Enterprise third-party risk management (TPRM) programs have been around for a half-decade or longer, and at this point most large organizations run one. However, many of these TPRM programs only provide a thin veneer of cybersecurity assurance.
Recent data indicates that they are inconsistent (at best) when it comes to digging deep enough for clues of security issues lurking in the enterprise’s vendor and partner ecosystem. Even more troubling? Very few TPRM security assessments result in remediation action.
So TPRM programs are nominally jumping through hoops to ask vendors about or observe their security controls. But few of them are actually doing much to work with their vendors to bolster the security of these third-party IT environments.
This was one of the key findings of a recent report compiled by Cyentia Institute on behalf of RiskRecon. Conducted among 154 TPRM professionals operating in a range of industries, the study showed that a whopping 81% of respondents admit they rarely require remediation from third parties after an assessment.
And that’s not because everything is fine and dandy with these vendors’ security controls. The survey showed that a slim 14% of these professionals are highly confident that their vendors are performing security requirements. That’s not from an utter lack of investment. At this point some 79% of organizations have a formal TPRM program, with a median of at least two full-time employees. Some of these programs are just getting underway, but many have been established for some time and the average age of these programs is now five to six years.
Obviously, these investments in TPRM programs are not being fully realized through effective risk reduction, so what gives? The survey results indicate that this may be classic checkbox compliance scenario. According to respondents, regulatory compliance is the runaway top driver for development of their company’s TPRM program. Some 62% cited compliance as their number one motive for running a program, in contrast to just 22% who named executive mandates and 16% who cited customer requirements.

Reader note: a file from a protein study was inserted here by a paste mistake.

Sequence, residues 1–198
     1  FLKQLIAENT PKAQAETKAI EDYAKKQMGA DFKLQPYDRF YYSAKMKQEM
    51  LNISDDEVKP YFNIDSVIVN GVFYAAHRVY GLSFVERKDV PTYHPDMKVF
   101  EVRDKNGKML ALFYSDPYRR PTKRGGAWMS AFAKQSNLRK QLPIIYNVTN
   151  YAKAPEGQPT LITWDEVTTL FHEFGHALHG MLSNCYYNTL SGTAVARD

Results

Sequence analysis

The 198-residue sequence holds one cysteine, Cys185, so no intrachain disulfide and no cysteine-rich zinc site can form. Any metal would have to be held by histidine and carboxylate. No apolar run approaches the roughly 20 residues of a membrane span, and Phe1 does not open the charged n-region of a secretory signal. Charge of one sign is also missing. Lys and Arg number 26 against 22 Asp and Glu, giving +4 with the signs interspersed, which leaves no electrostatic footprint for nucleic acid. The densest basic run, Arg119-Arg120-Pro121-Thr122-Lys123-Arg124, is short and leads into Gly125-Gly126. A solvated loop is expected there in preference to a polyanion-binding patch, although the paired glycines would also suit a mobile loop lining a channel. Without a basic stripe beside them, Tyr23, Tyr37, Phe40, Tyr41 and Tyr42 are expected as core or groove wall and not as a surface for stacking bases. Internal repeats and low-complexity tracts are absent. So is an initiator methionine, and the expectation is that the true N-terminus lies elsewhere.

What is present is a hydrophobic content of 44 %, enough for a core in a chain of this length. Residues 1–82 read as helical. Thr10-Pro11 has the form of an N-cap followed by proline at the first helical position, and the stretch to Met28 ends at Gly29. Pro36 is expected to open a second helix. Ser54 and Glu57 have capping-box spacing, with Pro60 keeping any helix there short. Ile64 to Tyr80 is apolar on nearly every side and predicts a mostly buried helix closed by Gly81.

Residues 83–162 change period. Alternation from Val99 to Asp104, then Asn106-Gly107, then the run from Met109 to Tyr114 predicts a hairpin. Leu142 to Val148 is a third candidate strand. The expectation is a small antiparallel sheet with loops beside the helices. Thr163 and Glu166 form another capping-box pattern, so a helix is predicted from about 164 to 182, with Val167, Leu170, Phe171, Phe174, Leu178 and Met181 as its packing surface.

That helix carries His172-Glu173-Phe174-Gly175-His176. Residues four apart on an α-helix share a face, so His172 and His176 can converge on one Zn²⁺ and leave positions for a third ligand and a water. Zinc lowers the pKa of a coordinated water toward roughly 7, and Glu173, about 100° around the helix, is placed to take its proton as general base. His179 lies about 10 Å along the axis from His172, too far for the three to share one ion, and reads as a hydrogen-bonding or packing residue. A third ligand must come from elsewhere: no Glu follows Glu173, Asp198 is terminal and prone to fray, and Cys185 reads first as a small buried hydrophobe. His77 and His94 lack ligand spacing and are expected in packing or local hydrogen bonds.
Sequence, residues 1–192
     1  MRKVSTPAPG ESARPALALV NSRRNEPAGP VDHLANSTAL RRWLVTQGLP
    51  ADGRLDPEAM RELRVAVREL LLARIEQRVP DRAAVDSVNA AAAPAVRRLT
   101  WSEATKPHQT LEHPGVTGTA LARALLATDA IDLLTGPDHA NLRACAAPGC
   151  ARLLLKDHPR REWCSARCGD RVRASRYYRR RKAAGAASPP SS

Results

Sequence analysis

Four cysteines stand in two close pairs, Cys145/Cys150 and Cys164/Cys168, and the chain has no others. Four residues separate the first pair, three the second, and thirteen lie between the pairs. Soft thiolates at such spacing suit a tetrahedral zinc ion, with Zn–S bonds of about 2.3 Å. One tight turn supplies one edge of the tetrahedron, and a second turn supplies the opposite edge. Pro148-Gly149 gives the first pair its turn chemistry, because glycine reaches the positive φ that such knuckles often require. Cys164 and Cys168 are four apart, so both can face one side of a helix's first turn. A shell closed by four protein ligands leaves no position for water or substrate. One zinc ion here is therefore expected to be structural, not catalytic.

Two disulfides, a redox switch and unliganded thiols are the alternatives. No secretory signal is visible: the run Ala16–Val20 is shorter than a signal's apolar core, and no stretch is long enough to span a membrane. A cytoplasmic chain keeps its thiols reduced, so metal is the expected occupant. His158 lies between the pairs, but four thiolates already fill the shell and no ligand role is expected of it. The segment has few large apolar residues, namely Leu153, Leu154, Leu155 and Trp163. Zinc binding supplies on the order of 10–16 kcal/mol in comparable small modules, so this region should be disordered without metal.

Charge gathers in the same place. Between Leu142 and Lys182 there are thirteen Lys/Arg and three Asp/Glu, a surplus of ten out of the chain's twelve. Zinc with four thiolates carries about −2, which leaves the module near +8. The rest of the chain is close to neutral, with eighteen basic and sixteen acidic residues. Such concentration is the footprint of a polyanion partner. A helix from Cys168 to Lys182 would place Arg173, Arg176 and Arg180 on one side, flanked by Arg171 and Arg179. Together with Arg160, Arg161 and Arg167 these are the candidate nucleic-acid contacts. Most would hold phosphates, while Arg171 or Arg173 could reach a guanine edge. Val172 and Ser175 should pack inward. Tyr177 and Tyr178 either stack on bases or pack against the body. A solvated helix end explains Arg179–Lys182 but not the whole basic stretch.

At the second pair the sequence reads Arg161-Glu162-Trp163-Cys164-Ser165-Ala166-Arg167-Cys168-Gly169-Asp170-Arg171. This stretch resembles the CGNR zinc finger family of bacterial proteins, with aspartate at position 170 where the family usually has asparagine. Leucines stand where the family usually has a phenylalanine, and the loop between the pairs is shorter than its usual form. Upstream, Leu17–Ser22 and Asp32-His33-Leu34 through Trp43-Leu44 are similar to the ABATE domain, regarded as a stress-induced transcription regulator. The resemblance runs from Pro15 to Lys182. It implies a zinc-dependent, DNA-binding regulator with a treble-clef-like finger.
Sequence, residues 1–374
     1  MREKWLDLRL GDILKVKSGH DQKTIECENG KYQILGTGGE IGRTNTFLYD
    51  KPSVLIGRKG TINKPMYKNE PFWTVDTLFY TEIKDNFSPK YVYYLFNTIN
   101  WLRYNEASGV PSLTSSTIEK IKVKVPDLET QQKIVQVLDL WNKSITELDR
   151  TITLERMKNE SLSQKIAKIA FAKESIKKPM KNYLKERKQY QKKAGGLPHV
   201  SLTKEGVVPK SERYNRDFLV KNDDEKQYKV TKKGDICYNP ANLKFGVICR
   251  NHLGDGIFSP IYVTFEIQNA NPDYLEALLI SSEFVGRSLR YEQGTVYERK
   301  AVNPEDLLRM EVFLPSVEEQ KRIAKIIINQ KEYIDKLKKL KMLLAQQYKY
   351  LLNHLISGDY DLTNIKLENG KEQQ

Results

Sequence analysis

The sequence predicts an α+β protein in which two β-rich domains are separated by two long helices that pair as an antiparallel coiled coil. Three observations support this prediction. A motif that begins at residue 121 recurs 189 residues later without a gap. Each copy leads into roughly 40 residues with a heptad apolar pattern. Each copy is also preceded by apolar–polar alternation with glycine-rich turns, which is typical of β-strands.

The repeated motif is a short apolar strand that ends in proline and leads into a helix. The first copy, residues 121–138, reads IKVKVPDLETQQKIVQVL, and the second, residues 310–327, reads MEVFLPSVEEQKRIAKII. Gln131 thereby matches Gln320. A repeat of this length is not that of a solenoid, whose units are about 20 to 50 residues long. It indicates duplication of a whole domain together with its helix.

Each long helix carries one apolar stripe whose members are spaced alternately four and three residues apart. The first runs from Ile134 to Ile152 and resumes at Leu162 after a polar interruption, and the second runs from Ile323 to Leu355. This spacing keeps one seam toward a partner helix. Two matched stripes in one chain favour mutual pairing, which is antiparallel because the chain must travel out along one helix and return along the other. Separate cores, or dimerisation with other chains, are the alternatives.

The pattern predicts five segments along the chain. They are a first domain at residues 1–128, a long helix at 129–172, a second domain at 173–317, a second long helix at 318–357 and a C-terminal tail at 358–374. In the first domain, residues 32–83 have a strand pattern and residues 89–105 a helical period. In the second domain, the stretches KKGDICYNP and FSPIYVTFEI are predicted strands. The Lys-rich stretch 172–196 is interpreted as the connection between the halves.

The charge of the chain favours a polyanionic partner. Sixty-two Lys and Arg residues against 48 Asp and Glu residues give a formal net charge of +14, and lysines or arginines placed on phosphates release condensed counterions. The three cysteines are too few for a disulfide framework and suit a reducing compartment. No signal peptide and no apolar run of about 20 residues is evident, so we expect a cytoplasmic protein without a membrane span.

This likely explains why so many organizations today still rely so heavily on security questionnaires, as that’s the bare minimum required by most compliance regimes. The survey showed that twice as many organizations regularly utilize questionnaires – 84% – as compared to those (42%) who utilize a more verifiable assessment method like cybersecurity ratings. This is in spite of the fact that only about one in three TPRM professionals actually believe questionnaire responses.
Clearly there’s more work to be done. The good news is that the forces at play within the TPRM world are following a maturity playbook that most cybersecurity and risk professionals know well.
Most new security practices and controls are developed initially by pioneers in the market trying to solve a tough problem. Their results and intentions are noted by regulators, who take those ideas and filter out the most basic elements to come up with a framework of minimum requirements for the broader market. Then everyone struggles for some years to meet those standards, at first simply on paper and then in more meaningful ways.
As the minimums become the norm, more forward-facing security leaders use that investment foothold to iterate their practices and rally for more resources to not just check the boxes on auditor’s requirements lists, but also reduce risks in a more consequential manner.
Fortunately, the TPRM field has progressed to the point where many organizations stand at that last crossroads. While most TPRM programs are struggling to conduct reliable, actionable assessments at scale, the majority of organizations at least have some infrastructure in play that they can improve upon. And with 63% of respondents saying that managing third-party risk is a growing priority for their organization, there are signs that there is a will to move beyond checkbox compliance.